So, it’s a great time to join supply chain because of the opportunities, because of the importance of it, and what it can mean to your career. And specifically for women, whether they have the background or not, it’s a great place to land in a company because of the growth potential to get to senior levels.

Scott Luton (11:37):

I love that. Darcy, you got me ready to run through the wall back behind me. That’s a wonderful answer in terms of why it’s a great time to be in supply chain. So, Jenny, that’s a high bar, but if anyone can take a pole vault and leap over it, what would you add to Darcy’s answer there?

Jenny Patzlaff (11:53):

Yeah. There’s not much to add. It really is that exact time to be in and around supply chain, so much going on, so much visibility, so many opportunities. Like you were saying, Darcy, I don’t know of any company that’s not looking for supply chain talent right now. And when I think about some of the peer learning forums we’ve had, that’s what our members are talking about is supply chain talent. How do I recruit talent? How do I retain my talent? So, those are very important, specifically thinking about being a woman in supply chain, are really just offering diverse perspectives. This is a perfect time to jump in with the diverse perspective because we need new ideas in supply chain.


Jenny Patzlaff (12:31):

So, what’s gotten us here in terms of cost cutting, and just in time, that paradigm shift is changing. And so, it won’t be what we’ve done in the past. It will be how are we adjusting and changing going forward. So, the more diverse ideas you have in your business that are coming to the table and bringing their perspectives, the better off you are to really prepare yourself for the years to come.

Scott Luton (12:53):

Well said. And as great as it is for supply chain during these times, if you’re an assumption, it is a rocky road because we’re challenging all assumptions right now, as we should be. And you kind of speak to that a little bit there, Jenny, in your answer.


Scott Luton (13:06):

I want to shift gears a bit, because as we all acknowledge, we’ve got a long way to go. There’s no finish line in this work to not only continue to, not just fine tune, but transform global supply chain while also providing more and more opportunities for folks across all walks of life. So, question back for you, Darcy. Why do you think we don’t have more women today in supply chain leadership roles and careers in general?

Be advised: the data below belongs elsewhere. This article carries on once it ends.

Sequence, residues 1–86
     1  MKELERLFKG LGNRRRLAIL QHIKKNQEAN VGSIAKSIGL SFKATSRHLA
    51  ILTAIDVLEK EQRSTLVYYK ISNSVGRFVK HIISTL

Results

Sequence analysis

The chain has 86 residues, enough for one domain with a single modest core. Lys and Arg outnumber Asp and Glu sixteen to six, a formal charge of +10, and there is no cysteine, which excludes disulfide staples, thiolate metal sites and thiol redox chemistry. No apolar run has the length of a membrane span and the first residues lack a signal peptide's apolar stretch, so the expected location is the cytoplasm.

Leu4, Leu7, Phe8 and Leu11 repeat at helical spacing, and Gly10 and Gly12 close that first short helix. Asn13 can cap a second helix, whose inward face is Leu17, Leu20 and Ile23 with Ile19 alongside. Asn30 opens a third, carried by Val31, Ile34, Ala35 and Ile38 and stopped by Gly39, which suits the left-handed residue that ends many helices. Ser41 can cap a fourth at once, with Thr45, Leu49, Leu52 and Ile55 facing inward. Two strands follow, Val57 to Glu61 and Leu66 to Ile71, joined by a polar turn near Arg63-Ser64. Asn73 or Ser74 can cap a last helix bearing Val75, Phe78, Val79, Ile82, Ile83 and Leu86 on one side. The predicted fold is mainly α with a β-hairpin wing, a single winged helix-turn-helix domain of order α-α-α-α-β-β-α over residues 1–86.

Darcy MacClaren (13:35):

It’s a really tough question and I get asked that question every day. Because, first of all, from the SAP perspective, we actually hire more than 50 percent women. We’re hiring now because we’re aware of it, of the importance of it, and what we need to do. And I think specifically in supply chain, why there are fewer women and that we have to really look to other areas, it has to start early in education, that they may not go into those roles. Which is why programs like STEM are so important to get women into the fields that tend to lead to supply chain. But, also, what we’re trying to do is to go to look for characteristics that would blend to the characteristics that you need in supply chain. It’s very analytical. It’s problem-solving. It’s being collaborative. All those creative, get it done attitude, all those things lead to being good supply chain professionals. So, we look for those to get them in.

Darcy MacClaren (14:27):

But what I think is important is once we get them in, it’s proper mentoring, sponsoring, coaching. And what we found, particularly during COVID, is we lost a lot of women in upper and senior levels of management. And it was because of the responsibility and the burden that fell more heavily on women than men, and more heavily on women of color, that we were losing people. So, we need to be sensitive of the fact that what do we need to do at these levels regarding flexible work hours, rights, sponsorship, to make sure once we get them, we’re mentoring to keep these talented women in role.


Darcy MacClaren (15:10):

And that’s the thing SAP is working on and also bringing back people. Or women are opting out not to progress in their career because they have all they can handle right now. So, we have to work with women to make sure we’re taking some responsibility off and working in the way they need us to work with progress, flexibility, so that they can continue on their career. It’s a tough problem, but we’re trying to do that as we can in SAP. And I know other companies are as well.

Scott Luton (15:37):